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Highfalutin, cowan, and all, all, all… Gleanings at last!


The OUPblog editor, who has been taking care of this blog for over three years, is leaving the Press, and I wanted to give her a parting present. By chance, an opportunity has offered itself. Mr George Miller of Philadelphia read my old blog post of 8 December 2010 (it is titled “Low-key Thoughts on highfalutin’”) and sent us a letter with a new explanation of the funny adjective. The etymology of highfalutin one can find online is close to his, but he provided a context for the word, and so far, no one has done it: everybody, including me, only played with the form of –falutin(g). If the new explanation, which looks realistic, happens to be accepted, it will be a small step forward in the study of word origins, and what better present can an editor of an etymological blog hope for? A keepsake and the conviction that our work is not bricolage (pottering about with all kinds of bric-a-brac: see the image in the heading!) but an analog of a tree bearing fruit.

Below is Mr Miller’s comment and a letter to me that followed this comment.

I came across an article of yours speculating on the etymology of the Americanism “Highfalutin”. I would like to offer a possible etymology that I’ve heard:

As you probably know, the Mississippi was famed for its steamboats. These were large cargo and passenger paddle wheels that generally had 2 smokestacks above their wooden structures.

Coal sparks and embers were of course a fire threat, so various screens and deflectors evolved that returned the ash to the furnace while letting smoke pass. These soon developed quite ornate extensions since they served as advertisements for the elegance of the steamboat itself in a very competitive business. These were “high fluted” smokestacks, like the ones in the smokestack below. In the dialects and accents along the Mississippi (eg., Missouri, Tennessee, Arkansas, Louisiana, Mississippi) I could easily see this being pronounced “Highfalutin”: a high-fluted steamboat is an ostentatious, pretentious steamboat.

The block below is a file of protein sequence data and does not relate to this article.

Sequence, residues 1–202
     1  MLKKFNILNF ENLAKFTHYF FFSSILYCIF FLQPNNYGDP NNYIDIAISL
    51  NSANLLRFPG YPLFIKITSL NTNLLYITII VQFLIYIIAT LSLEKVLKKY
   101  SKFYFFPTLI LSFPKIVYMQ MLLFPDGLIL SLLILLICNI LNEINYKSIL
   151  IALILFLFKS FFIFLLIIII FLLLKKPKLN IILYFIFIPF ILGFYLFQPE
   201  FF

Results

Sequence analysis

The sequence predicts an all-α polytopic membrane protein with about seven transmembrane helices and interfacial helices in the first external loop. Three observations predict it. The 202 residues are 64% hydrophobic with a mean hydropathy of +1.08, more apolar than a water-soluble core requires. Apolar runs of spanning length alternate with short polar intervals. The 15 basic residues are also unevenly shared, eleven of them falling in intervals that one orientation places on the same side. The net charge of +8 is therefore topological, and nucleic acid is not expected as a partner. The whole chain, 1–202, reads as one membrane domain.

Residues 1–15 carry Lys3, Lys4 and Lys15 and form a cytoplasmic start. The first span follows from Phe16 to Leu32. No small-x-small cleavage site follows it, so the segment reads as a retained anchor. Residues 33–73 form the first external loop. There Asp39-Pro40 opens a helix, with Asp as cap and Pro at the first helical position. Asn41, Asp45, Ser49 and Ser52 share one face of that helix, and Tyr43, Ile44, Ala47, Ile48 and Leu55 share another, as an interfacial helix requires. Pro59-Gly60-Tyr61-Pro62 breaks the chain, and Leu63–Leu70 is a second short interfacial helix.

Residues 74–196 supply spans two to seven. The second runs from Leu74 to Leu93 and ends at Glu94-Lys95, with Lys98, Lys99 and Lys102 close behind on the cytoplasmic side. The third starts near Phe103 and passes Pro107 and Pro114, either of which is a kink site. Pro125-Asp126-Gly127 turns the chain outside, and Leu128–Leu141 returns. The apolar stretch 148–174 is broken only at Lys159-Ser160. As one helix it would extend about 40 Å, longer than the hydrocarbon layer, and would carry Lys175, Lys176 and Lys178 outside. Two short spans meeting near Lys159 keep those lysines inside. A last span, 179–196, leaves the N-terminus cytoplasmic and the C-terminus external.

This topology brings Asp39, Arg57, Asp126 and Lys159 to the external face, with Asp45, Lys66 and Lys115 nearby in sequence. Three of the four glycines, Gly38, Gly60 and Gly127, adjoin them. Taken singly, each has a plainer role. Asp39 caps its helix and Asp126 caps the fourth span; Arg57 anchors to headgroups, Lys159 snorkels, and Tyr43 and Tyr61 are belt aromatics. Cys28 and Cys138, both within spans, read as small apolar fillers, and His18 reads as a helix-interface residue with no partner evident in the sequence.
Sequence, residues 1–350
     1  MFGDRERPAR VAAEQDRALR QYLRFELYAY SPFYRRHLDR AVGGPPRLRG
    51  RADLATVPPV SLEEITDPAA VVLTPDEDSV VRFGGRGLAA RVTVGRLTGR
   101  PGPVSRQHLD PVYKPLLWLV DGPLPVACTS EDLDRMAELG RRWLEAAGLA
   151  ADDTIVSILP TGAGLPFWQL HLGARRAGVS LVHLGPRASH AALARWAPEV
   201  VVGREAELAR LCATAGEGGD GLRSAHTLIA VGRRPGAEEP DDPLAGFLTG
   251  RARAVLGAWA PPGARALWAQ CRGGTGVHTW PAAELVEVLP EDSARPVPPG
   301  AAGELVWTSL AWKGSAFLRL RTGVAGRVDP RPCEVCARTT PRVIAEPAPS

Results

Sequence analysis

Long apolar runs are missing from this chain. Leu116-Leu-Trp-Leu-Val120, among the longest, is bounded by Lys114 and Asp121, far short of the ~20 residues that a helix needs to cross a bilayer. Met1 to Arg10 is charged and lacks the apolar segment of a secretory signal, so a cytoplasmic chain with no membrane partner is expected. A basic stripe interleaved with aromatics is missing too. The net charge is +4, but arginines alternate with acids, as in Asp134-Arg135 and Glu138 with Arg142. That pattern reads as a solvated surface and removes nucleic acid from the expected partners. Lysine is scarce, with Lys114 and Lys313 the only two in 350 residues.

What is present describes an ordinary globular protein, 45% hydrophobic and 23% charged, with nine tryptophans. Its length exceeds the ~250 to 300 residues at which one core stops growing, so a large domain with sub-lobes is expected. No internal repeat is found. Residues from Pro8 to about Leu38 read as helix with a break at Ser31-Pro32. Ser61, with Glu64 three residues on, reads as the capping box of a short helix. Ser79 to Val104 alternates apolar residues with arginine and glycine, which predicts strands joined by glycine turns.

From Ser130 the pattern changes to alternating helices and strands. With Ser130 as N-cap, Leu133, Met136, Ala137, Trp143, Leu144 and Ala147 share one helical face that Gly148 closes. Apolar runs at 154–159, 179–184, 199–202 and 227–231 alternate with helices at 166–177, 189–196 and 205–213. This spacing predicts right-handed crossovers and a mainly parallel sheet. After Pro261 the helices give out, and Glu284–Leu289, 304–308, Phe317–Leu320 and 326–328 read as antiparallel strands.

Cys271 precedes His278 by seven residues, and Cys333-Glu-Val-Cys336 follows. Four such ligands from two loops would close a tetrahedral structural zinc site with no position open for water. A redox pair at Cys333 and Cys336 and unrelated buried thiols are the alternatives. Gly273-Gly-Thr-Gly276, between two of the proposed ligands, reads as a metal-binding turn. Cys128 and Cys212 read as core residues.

I had also read that although it is most likely related to the Mississippi steamboat smokestacks, it may have another explanation: rather than being that those smokestacks were “high fluted”, they were also known as “high flued” since they were quite literally very tall flues.

I had also read that the primary alternative to shipping cargo and passengers on the Mississippi was by river barge. Needless to say, the only advantage of this for a passenger was that it was much cheaper. I suppose they had to sleep on deck, looking up at the richer “high fluted” (or “high flued”) passengers above them, with great resentment of those “high fluted” dandies laughing and looking down on them as they passed by in relative luxury.

The steamboats probably were the first manifestation of industrialization in the interior of the United States and so their smokestacks must’ve seemed quite huge, unique and startling in the mid 1830’s. I would imagine that describing a higher class of people by the smokestacks associated with the steamboats they traveled on would be a natural association for ordinary working people in the towns and cities of that time and place.


My post on the word cowan (4 October 2023) inspired a few “notes and queries.” Before commenting on them, I would like to reproduce part of the entry from the fifth edition of Lexicon on Freemasonry by Albert G. Mackey (Philadelphia: Moss), 1860, p. 99 (I referred to it in the original post but have only recently obtained a copy of the book):

COWAN. One of the profane. This purely masonic term is derived from the Greek kuon, a dog. In the early ages of the church, when the mysteries of religion were communicated only to initiates under the veil of secrecy, the infidels and unbaptized profane were called ‘dogs’… hence… kuon…, the term was borrowed by the Freemasons, and in time corrupted into cowan. The attempt made by some anti-masonic writers to derive the word from the chouans of the French Revolution is absurd.